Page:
Theology, Tradition, and our Times
Theology | Tradition | ... and Our Times
"The Church and Human Flourishing" by Dr. Andrew Kaethler br>November 30, 2022
Dr. Andrew Kaethler grew up in the Lower Mainland. He received a B.A. in Christianity and Culture from TWU as well as an M.A. in Religion, Culture, and Ethics. Following his MA, Andrew spent a year running (actually sanding, spraying, and brushing) his own painting company before his wife fortunately encouraged him to pursue teaching. Surprisingly, this led Andrew and his family to Eastern Europe, Lithuania to be precise. Here at LCC International University, Andrew taught philosophy, theology, and cross-listed English/theology courses for four years and during this time discovered his love and passion for teaching. After four years and two additional children he moved to St Andrews, Scotland, where he spent four years working on a Ph.D. in systematic theology at the University of St Andrews. Although he did not golf in Scotland, he did participate in the consumption of haggis, drank a few drams of whiskey, and danced at the odd Ceilidh. It was in Scotland, the land of the fiery reformer John Knox, that Andrew and his family were received into the Catholic Church, a ‘conversion’ process that began at TWU almost twenty years earlier.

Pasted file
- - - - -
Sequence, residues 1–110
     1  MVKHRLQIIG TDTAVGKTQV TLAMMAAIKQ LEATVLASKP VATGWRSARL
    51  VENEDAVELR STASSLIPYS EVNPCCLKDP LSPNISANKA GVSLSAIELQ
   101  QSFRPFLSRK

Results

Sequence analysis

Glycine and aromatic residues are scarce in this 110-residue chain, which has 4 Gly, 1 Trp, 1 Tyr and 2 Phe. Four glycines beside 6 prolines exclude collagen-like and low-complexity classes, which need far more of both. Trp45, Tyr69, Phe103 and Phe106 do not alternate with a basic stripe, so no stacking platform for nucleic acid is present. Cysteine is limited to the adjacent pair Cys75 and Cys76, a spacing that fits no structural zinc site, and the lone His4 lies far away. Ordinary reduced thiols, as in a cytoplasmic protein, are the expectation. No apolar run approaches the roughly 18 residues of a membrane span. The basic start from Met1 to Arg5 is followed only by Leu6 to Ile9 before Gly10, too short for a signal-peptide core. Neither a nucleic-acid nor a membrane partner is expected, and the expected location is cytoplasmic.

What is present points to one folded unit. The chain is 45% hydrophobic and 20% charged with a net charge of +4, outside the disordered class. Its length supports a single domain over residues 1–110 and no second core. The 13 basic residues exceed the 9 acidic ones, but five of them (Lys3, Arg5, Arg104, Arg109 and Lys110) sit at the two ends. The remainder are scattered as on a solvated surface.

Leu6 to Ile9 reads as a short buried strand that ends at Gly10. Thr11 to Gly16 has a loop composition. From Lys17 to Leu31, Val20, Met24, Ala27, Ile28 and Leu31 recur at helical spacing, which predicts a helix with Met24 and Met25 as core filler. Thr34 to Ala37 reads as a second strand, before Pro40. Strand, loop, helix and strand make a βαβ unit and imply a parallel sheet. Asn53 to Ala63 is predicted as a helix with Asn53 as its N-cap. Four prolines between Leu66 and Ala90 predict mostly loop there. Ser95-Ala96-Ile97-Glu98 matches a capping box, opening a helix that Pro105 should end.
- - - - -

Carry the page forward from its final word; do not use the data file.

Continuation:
Lecture Description: TBA
Most Recent CPC³ Lecture:
"Paradoxical Spaces of Belief in Paranormal Investigation Cultures" by Dr. Paul Kingsbury br>October 26, 2022
Dr. Paul Kingsbury examines UFO conferences, ghost investigations, and Sasquatch expeditions to consider how these have proliferated. He explores how the paranormal investigators’ enduring and unaware beliefs in God or the “big Other” are manifest in their social behaviours and rituals. What does this all mean in relation to Christian faith?